Principle O6: retaining data

Data collected for a study up to the point a study participant stops providing data should be used in the study analysis, and kept with the other study data until the study is over.

The data should also be made available for legitimate additional research in line with participant consent and appropriate approvals.

Data collected for research studies up to the point a study participant stops providing data should be used in the study analysis, included in the reported study results and kept until the study is completely over.

This includes the archiving period after the study analysis, when data is kept in case the results need to be checked.

If study participants could get the study data already collected about them deleted, or not used in the study analysis, this could seriously harm the study and its results.

For example, it might mean the study no longer has enough data to be able to reliably answer the research question. This might mean that the study results are unclear about whether or not a new treatment is better, when in reality it is better.

If lots of data was lost in this way from one of the treatment groups it might mean the study had misleading results.

This approach is allowed by laws about how people’s data can be used in the UK and the EU. These laws recognise the need to protect research, particularly when it is being done in the public interest. Laws in other areas of the world may vary and should be followed appropriately.

While in many situations under UK and EU law, individuals can get organisations that hold data about them to delete that data, this right is limited when it comes to data that is being used for research.

This limitation on participants’ rights only applies to legitimate research with the appropriate ethical approvals (where required). It also only applies when the limitation has been clearly explained to participants before they joined the study.

Data collected for research studies is routinely made available to other researchers at the end of the study for additional research.

This is only done for valid research with appropriate approvals (where required), and usually done in such a way that individual study participants cannot be identified by anyone outside the original study team.

Collecting data for research studies takes a lot of time and effort, and this data sharing is one way to make the most of the effort involved. The data that is made available in this way should include data collected up to the point that an individual says they want to stop participating in a study, as long as this is in line with what they have consented to.

Other important considerations

In some specific and rare situations data already collected may need to be deleted for legal or other reasons.

Some specific types of research (for example, interview-based ‘qualitative‘ research) sometimes give participants the option to have their data deleted for a period before the data is analysed, particularly if the data is about very sensitive topics.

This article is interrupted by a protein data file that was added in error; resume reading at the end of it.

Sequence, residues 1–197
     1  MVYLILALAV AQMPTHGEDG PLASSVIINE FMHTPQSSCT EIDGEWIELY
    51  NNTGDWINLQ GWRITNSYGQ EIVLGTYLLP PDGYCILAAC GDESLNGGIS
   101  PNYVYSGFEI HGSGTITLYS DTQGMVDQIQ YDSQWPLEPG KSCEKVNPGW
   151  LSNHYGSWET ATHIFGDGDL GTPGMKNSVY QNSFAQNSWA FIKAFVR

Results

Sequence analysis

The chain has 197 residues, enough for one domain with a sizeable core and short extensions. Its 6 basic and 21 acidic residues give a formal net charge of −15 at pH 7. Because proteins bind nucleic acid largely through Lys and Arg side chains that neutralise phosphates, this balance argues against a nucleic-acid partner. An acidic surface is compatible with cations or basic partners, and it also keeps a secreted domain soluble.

In some other types of research study (for example in psychology), it is necessary to give participants false or misleading information during the study in order to carry out the research and obtain reliable results.

These sorts of studies can only go ahead if an independent ethics committee agree that the deception is necessary for the research. In these studies, participants need to be told about the deception at the end, and they should be given the chance to have their data deleted by the researchers, if they want this.

Wherever possible, the potential for situations where data deletion could be allowed should be considered in advance (particularly in relation to the specific group of people who might take part in the study) and prepared for when the study is being designed.

In some research, data can be fully anonymised, so that it is no longer possible for anyone to say who the data is about. In these cases, it is no longer possible to delete individual participants’ data, because it isn’t possible to say which data is about them.

See also:

Relevant PeRSEVERE resources:

Relevant PeRSEVERE principles:

  • This limitation on participants’ rights to have data about them deleted may be easier for them to accept if they are aware that collecting less data than planned can have an impact on the quality of study results. See principle O3 for more on this.
  • Participants must be informed of this limitation on their rights before they agree to take part in the study. Under UK and EU data protection law, it is also a legal requirement that they are informed of this. See principle D3 for more details.
  • Data collection: this means the act of adding relevant data onto study forms or systems, to make the data available for running and analysing each study. It does not refer to any separate tests or procedures used to generate the data in the first place.
  • Treatment groups: many types of research study involve comparing groups of participants taking different treatments, to see which treatment which might be better.  
  • Qualitative research: this term refers to research that collects and analyses data that is not made up of numbers and figures. It can often involve analysis of the contents of interviews with research participants, or of written texts.